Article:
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National Aeronautics and Space Administration

Goddard Space Flight Center

Astrophysics Science Division | Sciences and Exploration

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Inside of NICMOS

The light detectors of NICMOS are contained in a cryostat which kept them cool with a large block of Nitrogen Ice.

A High-Tech Thermos

A schematic of the cyrogenic cryostat. The heat leak which caused the nitrogen ice to deplete prematurely is shown on the enlarged diagram.
Just as a camera for recording visible light must be dark inside to avoid exposure to unwanted light, a camera for recording infrared (IR) light must be cold inside because, in the infrared, warm objects glow. In addition, the detectors must also be cold - photoconductive infrared detectors, when warm, effectively generate their own glow (called dark current).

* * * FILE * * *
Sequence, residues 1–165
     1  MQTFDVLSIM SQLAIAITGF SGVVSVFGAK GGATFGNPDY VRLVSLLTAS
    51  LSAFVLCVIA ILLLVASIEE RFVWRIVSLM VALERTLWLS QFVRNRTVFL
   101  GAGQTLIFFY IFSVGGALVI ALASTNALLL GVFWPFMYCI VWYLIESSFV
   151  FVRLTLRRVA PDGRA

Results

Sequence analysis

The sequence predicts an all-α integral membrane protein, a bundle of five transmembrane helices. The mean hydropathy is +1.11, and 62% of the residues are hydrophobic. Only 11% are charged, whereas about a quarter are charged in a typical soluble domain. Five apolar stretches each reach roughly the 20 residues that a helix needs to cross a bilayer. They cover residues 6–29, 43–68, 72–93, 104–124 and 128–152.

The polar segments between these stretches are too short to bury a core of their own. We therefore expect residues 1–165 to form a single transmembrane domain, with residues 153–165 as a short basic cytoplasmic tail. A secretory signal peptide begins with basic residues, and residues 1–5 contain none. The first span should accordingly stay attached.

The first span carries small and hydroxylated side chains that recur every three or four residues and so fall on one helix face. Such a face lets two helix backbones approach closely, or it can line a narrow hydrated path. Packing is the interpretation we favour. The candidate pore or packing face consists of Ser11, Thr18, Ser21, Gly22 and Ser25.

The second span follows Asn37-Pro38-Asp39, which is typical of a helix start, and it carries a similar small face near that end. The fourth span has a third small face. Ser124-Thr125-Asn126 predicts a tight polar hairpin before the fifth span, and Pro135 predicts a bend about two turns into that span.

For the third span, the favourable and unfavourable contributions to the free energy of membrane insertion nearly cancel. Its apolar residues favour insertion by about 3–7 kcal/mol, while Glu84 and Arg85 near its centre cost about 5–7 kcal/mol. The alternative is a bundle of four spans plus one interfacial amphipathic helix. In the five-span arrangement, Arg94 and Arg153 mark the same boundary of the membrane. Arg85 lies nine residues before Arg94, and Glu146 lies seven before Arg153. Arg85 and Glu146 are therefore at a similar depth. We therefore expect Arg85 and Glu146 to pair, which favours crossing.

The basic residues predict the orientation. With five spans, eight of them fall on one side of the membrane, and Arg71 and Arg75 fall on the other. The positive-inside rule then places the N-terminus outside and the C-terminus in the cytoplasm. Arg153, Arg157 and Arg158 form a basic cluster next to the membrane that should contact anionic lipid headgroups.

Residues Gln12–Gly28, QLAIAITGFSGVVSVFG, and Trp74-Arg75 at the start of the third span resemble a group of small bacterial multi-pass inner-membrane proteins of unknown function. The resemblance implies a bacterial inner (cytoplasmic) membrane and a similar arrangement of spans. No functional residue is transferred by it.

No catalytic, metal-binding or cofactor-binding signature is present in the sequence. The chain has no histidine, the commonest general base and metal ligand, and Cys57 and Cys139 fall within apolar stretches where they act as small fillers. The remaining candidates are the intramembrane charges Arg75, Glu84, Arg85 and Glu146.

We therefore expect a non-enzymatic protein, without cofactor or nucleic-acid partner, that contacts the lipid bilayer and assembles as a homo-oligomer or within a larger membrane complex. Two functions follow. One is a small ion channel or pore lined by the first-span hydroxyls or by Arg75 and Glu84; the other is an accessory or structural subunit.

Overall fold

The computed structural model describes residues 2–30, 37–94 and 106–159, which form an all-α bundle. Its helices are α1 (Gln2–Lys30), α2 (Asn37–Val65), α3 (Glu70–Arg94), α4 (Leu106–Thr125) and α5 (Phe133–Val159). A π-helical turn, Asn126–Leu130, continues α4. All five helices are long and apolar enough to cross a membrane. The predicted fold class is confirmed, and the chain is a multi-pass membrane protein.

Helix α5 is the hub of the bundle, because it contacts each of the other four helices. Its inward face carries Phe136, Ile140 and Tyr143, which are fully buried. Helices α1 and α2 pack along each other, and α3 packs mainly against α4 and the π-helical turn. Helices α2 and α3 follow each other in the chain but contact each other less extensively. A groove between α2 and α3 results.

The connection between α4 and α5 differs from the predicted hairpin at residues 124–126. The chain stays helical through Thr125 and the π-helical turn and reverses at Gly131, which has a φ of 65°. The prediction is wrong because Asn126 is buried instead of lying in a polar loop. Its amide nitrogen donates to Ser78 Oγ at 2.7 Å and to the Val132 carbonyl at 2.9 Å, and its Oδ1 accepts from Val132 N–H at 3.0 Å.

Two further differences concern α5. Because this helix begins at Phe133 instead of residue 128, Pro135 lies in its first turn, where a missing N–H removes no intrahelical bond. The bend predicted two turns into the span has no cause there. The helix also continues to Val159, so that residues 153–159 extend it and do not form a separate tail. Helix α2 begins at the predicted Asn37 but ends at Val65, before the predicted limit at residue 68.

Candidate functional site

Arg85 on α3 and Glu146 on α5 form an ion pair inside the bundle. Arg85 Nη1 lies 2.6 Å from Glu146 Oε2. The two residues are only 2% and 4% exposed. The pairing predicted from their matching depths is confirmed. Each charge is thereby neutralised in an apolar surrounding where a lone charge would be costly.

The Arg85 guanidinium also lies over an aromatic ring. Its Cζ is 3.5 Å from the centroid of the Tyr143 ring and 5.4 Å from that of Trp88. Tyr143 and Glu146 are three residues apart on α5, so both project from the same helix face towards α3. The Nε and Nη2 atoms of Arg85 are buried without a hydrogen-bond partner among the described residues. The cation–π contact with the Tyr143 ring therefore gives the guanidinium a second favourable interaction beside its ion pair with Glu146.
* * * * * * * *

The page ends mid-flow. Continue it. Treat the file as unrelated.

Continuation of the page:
To make sure that NICMOS records infrared light properly, the sensitive infrared detectors in NICMOS must operate at very cold temperatures - below -321 degrees Fahrenheit, or 77 Kelvin.

The instrument's detectors (less than a square inch in size) were cooled inside a cryostat (a thermally insulated container much like a thermos bottle). When NICMOS was installed, the cryostat contained a 230-pound block of nitrogen ice.

Soon after NICMOS was operational, an unexpected heat source was detected and it was apparent the nitrogen ice would be prematurely depleted in about 2 years rather than the expected 5 years.

To compensate, NASA and the scientific community agreed to have Hubble perform more NICMOS observations than originally scheduled in its two years of operation. The setback to infrared science still remained however, and a solution was needed.


More . . .
View an interactive panorama of one of Hubble's axial bays (reproduction in cleanroom). Click and drag mouse to move.